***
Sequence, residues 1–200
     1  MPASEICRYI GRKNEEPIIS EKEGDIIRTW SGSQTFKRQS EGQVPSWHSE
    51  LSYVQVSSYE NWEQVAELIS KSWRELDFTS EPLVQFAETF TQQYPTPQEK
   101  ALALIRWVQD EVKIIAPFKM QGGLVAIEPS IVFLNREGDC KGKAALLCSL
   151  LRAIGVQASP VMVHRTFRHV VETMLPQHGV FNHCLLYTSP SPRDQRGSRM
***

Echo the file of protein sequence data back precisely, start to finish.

Sequence, residues 1–200
     1  MPASEICRYI GRKNEEPIIS EKEGDIIRTW SGSQTFKRQS EGQVPSWHSE
    51  LSYVQVSSYE NWEQVAELIS KSWRELDFTS EPLVQFAETF TQQYPTPQEK
   101  ALALIRWVQD EVKIIAPFKM QGGLVAIEPS IVFLNREGDC KGKAALLCSL
   151  LRAIGVQASP VMVHRTFRHV VETMLPQHGV FNHCLLYTSP SPRDQRGSRM